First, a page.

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  • Al Painter NASM-CPT, PES, CES

DO THESE 4 TO GET MORE FROM YOUR CORE


How about that for a snazzy title? Not too bad without a full caffeination elevation sensation on board.

Alright, so everyone has a core. Some of clients don't think they do, but rest assured people, we all do. In some people its dormant. Its probably because they don't like Batman, that's my guess. They probably also experience more joint stiffness, don't move as well as they'd like and daily life is probably a little tougher.

In others, its a fully engaged power plant that helps them excel in their chosen physical activities, their days are most likely a little smoother and life is probably easier on a regular basis. These people like Batman and have seen the extended cut of Batman v Superman and loved it.

You know who has a strong core? Yup, you guessed it, the Dark Knight. See, have a strong core, do awesome things.

If we go full geekdom here describing how we are supposed to move, we get all of our power to POW!!! BAM!! THWACK!! ZOWWW!! from our core muscles.

When they are fully online, we might not be able to leap tall buildings in a single bound, but we can perform our best with a lot less effort. We are more efficient, we recover faster and move a lot better on a daily basis.

When they aren't, we are more prone to aches/pains, injuries and it is much harder to watch over the denizens of our fair city. You know who is in peak physical condition with a BAM!! POW!!! of a core? Batman, and he's awesome. Want to be more like him? Get a strong core.

Here's a quick run down of the core to give you an idea of what you're working on with these muscles. Thinking of the core as a cylinder in the inner portion of the abdomen. It is our engine to move and it supports our muscles working together to both stabilize and produce force (1).

One of the ways this happens is through diagonal stabilization. Our shoulders working with the opposite hip stabilized through the core as we move is one of the main functions of our core muscles (2). For instance, when the right shoulder gets out of alignment, it can affect the functioning of the left hip and vice versa.

The better this connection is, the better move. It doesn't matter if you're a professional athlete whose livelihood hinges on how you perform to those at home playing with their kids, if your "X doesn't mark the spot," you won't enjoy the same quality of life of those that have that connection.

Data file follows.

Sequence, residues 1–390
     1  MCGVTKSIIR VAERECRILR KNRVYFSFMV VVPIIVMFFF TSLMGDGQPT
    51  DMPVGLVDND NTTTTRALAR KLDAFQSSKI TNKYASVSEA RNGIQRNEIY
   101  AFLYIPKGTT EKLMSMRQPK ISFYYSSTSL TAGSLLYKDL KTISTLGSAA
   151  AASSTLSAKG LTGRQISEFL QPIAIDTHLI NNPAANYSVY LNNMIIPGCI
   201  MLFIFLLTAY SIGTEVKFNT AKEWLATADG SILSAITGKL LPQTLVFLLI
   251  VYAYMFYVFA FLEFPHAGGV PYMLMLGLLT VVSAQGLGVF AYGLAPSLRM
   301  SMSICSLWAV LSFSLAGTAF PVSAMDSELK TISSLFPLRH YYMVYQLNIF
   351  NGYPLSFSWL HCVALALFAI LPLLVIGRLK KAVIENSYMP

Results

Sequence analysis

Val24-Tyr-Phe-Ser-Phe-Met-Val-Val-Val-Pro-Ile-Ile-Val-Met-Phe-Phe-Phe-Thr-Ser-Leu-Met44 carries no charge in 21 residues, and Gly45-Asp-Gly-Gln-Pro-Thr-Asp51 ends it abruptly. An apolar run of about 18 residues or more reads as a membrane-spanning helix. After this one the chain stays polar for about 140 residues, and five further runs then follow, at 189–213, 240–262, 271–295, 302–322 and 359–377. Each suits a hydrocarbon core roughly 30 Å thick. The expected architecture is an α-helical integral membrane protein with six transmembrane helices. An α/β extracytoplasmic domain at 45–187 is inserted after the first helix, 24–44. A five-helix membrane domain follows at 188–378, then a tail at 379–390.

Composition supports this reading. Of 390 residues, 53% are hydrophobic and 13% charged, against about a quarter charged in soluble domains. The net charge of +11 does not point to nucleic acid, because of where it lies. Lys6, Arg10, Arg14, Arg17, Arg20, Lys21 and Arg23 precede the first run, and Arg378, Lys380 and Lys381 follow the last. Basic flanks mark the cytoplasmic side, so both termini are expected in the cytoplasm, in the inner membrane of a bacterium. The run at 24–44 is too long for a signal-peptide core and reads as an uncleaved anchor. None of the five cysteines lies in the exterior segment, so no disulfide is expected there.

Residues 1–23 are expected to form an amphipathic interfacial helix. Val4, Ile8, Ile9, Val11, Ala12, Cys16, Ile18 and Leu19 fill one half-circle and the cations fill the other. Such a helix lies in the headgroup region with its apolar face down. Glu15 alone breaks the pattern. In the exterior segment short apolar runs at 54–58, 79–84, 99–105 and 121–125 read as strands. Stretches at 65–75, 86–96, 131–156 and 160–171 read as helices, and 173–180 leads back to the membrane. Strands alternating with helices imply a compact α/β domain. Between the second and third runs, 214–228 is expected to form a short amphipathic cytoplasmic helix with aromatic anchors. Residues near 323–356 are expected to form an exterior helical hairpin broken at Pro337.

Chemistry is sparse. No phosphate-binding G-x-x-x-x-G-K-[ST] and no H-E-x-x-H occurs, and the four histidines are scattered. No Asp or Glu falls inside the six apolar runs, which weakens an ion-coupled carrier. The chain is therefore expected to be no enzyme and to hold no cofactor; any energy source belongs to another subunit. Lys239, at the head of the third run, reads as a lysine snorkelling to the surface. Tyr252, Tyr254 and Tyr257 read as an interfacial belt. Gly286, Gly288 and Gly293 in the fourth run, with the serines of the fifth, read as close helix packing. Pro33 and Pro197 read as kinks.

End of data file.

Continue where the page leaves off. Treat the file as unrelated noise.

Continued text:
That's where these exercises come in. Four movements meant to strengthen your spokes at the hub so your wheel spins true. That's a fancy way of saying, a strong core allows the arms and legs to move their best.

As always, if something hurts, get it checked, find out why, correct it and then prevent it from happening again. This blog post can't do that for you, but a medical professional can. With that said, on with the show with four exercises that can help you build core strength so you can move better.

Single Arm Dumbbell Floor Press

I really like this exercise for several reasons. The biggest one being that it forces diagonal stabilization as the arm lowers toward the floor and hip involvement as it goes back up. Plus you can make it harder without going heavier by straightening your legs. In addition to this, it is an incredibly shoulder friendly movement tolerated well by most people. You can't go past the floor on the bottom and that keeps the top shelf ball in socket joint in a very supported position. Driving the opposite elbow into the floor adds another level of core fun to this as well.

Dumbbell Goblet Squat

You can do this Dan John special with a dumbbell or kettlebell. It is one of the best ways I've found to groove the squat pattern because of how you need to distribute your weight to do it. It can pack a wallop for the lower abdominal wall as well as light up the glutes really well. Not too mention it goes a long way to helping hip mobility. The box squat version is another way to add in an additional challenge or to as a regression for new exercisers who need to improve their movements.

Assisted Pullups

Want to build up to doing a full pullup? This can help. The lower body provides the foundation for the upper body to move through the core. If you drive the elbows toward the floor for 1-2 seconds at the top of the motion, you can activate the abs that much more.

Side Planks

For some reason, this exercise just sucks any which way you slice it. "All" your'e doing is supporting your body using you as the load. Seems simple right? Nope. I like the bent knee version because I find that activates the hip abductors that much more. Since this is a "people weight" exercise, its pretty convenient to add in to ay exercise program.

While these are four very basic moves, they can go a long way to helping you reach a much higher level of strength and joint stability. More stability means more power to POW!!! BAMMM!!! WHUUP!!! and ZOWIE!!! your way to more awesome days. Just like a certain detective from Gotham City.

Thanks for reading!!

References

1) "Introduction to Core Stability," SportsInjuryPreventionClinic.net

2) "Original Strength: Regaining tTe Body You Were Meant To Have," Tim Anderson and Jeff Neupert


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